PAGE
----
Vascular inflow was controlled by Pringle maneuver when necessary. Parenchymal dissection was performed by the clamp crushing method or an ultrasonic dissector. The segmental bile duct at the raw surface was cut and deliberately laid open. After hemostasis had been achieved, flexible choledochoscopy was performed through the transected bile duct opening and via the choledochotomy site to examine whether the ductal stricture had been resected and whether all the stones in the rest of the biliary system had been cleared. The transected duct was then sutured with absorbable material. Other procedures such as hepaticojejunostomy or sphincteroplasty were sometimes also performed at the same time. At the end of the operation, a T tube was inserted into the common bile duct through the choledochotomy site, which was repaired. A postoperative cholangiogram was performed via the T tube about 1 week after the operation. Computed tomography was also performed in some complicated cases (Figure 1). If residual stones were suspected, the T-tube track was dilated 4 to 6 weeks after the operation. Flexible choledochoscopy was performed via the T-tube track to remove the remaining intrahepatic stones.
A retrospective study was done to analyze the patients’ characteristics, the results and complications of the procedure, and the long-term outcomes for these patients. The group of patients who underwent LR was compared and contrasted with a group of patients with hepatolithiasis who had undergone what was primarily an SR procedure during the same study period. The SR procedures included either an open operative exploration of the common bile duct and postoperative choledochoscopic removal via a T-tube track (TTCS) or percutaneous transhepatic choledochoscopic removal of intrahepatic stones (PTCS). Most of the TTCS procedures were performed in the earlier part of the study period, since PTCS was introduced in our department in 1993. Some patients underwent multiple procedures. A total of 174 patients were entered into our analysis during the study period. The numbers of patients who had multiple procedures and the time intervals between the 2 procedures are shown in Figure 2. Altogether, the 174 patients underwent 52 LRs, 99 PTCSs, and 50 TTCSs.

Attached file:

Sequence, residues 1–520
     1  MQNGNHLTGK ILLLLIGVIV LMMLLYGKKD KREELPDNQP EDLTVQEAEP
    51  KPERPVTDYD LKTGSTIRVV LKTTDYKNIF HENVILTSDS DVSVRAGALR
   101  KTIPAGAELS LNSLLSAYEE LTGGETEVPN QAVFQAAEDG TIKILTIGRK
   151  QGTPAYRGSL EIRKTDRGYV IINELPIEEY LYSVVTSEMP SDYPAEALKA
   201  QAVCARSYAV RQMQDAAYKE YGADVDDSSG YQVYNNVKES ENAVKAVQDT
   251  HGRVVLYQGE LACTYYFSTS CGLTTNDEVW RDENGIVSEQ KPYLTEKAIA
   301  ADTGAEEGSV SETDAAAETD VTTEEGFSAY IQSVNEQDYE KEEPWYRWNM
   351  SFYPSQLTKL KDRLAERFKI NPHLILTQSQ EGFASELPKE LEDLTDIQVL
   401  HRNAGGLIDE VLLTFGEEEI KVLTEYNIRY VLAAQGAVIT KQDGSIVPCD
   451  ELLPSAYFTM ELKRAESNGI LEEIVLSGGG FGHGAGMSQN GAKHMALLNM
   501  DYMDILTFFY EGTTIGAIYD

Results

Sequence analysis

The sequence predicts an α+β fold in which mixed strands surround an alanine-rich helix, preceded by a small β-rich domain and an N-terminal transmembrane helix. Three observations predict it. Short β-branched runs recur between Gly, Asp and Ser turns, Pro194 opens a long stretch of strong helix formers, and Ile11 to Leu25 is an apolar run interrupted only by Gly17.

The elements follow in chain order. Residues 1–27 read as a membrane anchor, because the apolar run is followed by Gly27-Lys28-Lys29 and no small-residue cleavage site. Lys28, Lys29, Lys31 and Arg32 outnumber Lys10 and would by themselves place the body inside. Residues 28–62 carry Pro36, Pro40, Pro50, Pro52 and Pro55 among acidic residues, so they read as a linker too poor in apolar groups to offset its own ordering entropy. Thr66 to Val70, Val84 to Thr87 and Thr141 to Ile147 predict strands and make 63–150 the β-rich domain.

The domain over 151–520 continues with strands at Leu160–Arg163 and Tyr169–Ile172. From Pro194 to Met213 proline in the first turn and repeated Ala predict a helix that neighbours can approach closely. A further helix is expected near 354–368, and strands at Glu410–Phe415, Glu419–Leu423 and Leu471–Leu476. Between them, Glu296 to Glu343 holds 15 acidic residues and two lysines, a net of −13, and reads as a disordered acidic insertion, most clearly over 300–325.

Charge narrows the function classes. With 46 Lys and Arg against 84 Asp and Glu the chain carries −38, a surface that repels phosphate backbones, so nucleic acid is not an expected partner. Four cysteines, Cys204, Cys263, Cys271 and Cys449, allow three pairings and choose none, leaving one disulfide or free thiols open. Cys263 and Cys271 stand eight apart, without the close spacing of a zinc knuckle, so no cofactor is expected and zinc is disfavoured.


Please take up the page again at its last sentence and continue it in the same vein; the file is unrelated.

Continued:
The patients’ characteristics were analyzed. The complexity of stones was graded as simple, a category defined as stones affecting a single segmental duct; moderate, when stones affected more than 1 segmental duct; and complex, with multiple ducts affected. A stricture was defined as the presence of an intrahepatic stenotic duct proximal to the stones, usually less than 2 mm in diameter, or one that required dilation during choledochoscopy. The degree of atrophy of liver segments was graded as mild, moderate, or severe. The success of each procedure in removing the stones was categorized into 2 groups. Overall success included both complete and near-complete removal, where tiny stones remained in peripheral or segregated ducts. All others were regarded as failures. These patients were followed up regularly and the symptoms were charted by means of a symptom score (Table 1). Cholangitis or other biliary sepsis occurring during the follow-up period was regarded as an unfavorable event. Patients requiring another operation or procedure to remove stones were also regarded as having had an unfavorable outcome. This was analyzed with the Kaplan-Meier method. The test statistics for equality of recurrence distribution were analyzed with the log-rank test. Multivariate analysis was performed by means of multiple logistic regressions to identify independent risk factors that predicted poor outcome in both LR and SR groups. Statistical significance was accepted at P<.05. The SPSS version 11.0 software (SPSS Inc, Chicago, Ill) was used to perform the analysis and generate the curves.